It is written that a snake’s venom is exceedingly hot. This alludes to a condition in which a Jew becomes so wrapped up and roused by the heat of the material world — namely the excitement in the mundane — that his spiritual inspiration is compromised.

Concerning the scorpion it is stated that his venom is cold, connoting a more insidious situation than that of a snake. When one is enthused and excited — albeit in matters relating to the mundane — at least it is a sign of life. He can then channel that enthusiasm to holiness. However, when one is cold and uninspired — a sign of the opposite of life — it is considered far worse.

This will serve to explain the mishnah: “If one encounters a snake around his ankle during the Shemonah Esreh prayer, he is not to interrupt, whereas when a scorpion is near his ankle he is to interrupt [his prayer] and deal with the impending danger.” (Berachos 5:1)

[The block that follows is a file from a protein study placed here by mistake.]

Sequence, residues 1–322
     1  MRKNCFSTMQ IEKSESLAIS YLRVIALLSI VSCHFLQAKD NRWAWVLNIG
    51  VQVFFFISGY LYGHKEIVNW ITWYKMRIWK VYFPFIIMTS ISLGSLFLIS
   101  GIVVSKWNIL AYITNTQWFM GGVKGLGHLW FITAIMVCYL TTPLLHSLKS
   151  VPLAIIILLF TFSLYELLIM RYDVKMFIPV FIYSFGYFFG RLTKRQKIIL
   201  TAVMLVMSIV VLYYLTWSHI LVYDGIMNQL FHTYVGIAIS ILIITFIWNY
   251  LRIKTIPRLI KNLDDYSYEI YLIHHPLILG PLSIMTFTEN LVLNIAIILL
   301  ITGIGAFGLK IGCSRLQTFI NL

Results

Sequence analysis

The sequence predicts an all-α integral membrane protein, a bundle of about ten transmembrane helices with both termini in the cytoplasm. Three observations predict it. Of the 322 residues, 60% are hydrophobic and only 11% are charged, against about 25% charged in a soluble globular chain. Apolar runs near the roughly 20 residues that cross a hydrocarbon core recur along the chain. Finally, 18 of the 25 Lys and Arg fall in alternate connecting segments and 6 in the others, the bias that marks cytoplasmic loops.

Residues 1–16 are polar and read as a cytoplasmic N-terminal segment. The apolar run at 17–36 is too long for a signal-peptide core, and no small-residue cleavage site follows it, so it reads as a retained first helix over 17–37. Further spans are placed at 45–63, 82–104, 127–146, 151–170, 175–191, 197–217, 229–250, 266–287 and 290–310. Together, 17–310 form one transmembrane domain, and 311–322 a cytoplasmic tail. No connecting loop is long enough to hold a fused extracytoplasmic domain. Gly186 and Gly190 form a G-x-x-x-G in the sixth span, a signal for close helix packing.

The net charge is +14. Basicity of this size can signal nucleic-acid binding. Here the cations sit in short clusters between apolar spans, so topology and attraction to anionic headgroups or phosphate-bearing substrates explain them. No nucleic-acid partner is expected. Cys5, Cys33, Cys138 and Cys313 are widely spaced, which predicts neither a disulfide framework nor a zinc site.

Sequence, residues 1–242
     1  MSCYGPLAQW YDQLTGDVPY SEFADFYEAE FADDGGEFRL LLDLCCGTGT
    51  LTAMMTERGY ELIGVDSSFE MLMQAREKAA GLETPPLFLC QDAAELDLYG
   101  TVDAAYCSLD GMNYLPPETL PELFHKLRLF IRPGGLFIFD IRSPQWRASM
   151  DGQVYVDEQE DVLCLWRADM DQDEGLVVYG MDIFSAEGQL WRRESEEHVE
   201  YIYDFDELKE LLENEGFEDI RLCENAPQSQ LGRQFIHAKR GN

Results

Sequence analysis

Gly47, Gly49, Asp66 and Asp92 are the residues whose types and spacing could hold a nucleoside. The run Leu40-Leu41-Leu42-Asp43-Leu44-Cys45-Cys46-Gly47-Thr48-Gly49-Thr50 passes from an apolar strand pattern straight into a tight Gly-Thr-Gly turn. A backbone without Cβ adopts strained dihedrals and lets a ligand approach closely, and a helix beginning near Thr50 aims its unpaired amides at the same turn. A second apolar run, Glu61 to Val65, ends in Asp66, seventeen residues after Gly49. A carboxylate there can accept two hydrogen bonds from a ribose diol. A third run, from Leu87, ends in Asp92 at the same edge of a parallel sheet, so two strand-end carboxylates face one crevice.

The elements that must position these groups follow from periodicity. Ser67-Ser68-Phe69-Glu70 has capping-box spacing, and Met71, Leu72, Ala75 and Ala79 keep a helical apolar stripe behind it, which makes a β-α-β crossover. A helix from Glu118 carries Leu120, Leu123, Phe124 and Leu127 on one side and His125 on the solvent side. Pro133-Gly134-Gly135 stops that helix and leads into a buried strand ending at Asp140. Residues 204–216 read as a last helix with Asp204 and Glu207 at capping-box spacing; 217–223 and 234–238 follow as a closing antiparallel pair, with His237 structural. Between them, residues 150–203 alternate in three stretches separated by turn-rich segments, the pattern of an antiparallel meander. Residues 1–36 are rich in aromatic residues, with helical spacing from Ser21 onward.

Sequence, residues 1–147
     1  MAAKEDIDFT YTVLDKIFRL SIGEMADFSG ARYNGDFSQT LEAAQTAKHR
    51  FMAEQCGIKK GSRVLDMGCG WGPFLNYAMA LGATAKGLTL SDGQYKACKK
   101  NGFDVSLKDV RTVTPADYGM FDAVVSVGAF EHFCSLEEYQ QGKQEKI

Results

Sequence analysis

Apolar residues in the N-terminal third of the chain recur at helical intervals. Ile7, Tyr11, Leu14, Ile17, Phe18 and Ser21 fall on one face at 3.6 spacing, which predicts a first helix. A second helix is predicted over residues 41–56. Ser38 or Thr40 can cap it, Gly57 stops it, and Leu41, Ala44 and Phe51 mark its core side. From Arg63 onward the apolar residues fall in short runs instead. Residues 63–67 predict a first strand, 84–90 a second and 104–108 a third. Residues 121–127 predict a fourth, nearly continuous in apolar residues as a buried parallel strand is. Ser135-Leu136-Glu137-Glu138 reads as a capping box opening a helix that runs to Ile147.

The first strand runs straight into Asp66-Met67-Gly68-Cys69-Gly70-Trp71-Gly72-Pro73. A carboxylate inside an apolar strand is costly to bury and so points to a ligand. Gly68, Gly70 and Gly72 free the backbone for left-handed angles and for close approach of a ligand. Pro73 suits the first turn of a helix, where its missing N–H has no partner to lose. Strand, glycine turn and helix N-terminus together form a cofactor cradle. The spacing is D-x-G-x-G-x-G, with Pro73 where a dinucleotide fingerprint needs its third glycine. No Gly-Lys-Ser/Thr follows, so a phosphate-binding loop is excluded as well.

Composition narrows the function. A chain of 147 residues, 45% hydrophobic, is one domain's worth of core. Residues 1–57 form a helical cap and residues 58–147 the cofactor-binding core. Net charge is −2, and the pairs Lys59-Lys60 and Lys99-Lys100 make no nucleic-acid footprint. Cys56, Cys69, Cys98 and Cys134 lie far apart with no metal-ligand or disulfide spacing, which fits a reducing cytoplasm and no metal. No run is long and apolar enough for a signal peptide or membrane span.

When, in the midst of prayer, one is overwhelmed with passion and excitement for worldly things (comparable to the heat of the snake’s venom), he is not to interrupt his prayer. Since he possesses the proper tool for spiritual growth, he must merely learn to channel it in a positive way.

On the other hand, when one is besieged during prayer by a sense of coldness and lack of enthusiasm (comparable to the venom of the scorpion), he must interrupt his prayers, since this indicates that his service to G‑d is totally inappropriate and must be reconstructed anew.

Likkutei Sichos, vol. 2, p. 374